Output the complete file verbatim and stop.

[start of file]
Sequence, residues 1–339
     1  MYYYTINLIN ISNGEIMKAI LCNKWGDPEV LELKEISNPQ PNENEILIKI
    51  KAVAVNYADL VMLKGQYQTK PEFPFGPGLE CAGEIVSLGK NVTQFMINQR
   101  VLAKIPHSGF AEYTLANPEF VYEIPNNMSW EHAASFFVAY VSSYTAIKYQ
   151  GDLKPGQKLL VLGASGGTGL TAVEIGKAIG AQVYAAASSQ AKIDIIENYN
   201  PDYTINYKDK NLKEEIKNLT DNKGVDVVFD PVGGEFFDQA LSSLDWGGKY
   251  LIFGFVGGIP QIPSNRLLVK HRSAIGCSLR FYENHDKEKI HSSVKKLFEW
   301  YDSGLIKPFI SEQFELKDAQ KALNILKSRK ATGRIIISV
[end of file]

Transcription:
Sequence, residues 1–339
     1  MYYYTINLIN ISNGEIMKAI LCNKWGDPEV LELKEISNPQ PNENEILIKI
    51  KAVAVNYADL VMLKGQYQTK PEFPFGPGLE CAGEIVSLGK NVTQFMINQR
   101  VLAKIPHSGF AEYTLANPEF VYEIPNNMSW EHAASFFVAY VSSYTAIKYQ
   151  GDLKPGQKLL VLGASGGTGL TAVEIGKAIG AQVYAAASSQ AKIDIIENYN
   201  PDYTINYKDK NLKEEIKNLT DNKGVDVVFD PVGGEFFDQA LSSLDWGGKY
   251  LIFGFVGGIP QIPSNRLLVK HRSAIGCSLR FYENHDKEKI HSSVKKLFEW
   301  YDSGLIKPFI SEQFELKDAQ KALNILKSRK ATGRIIISV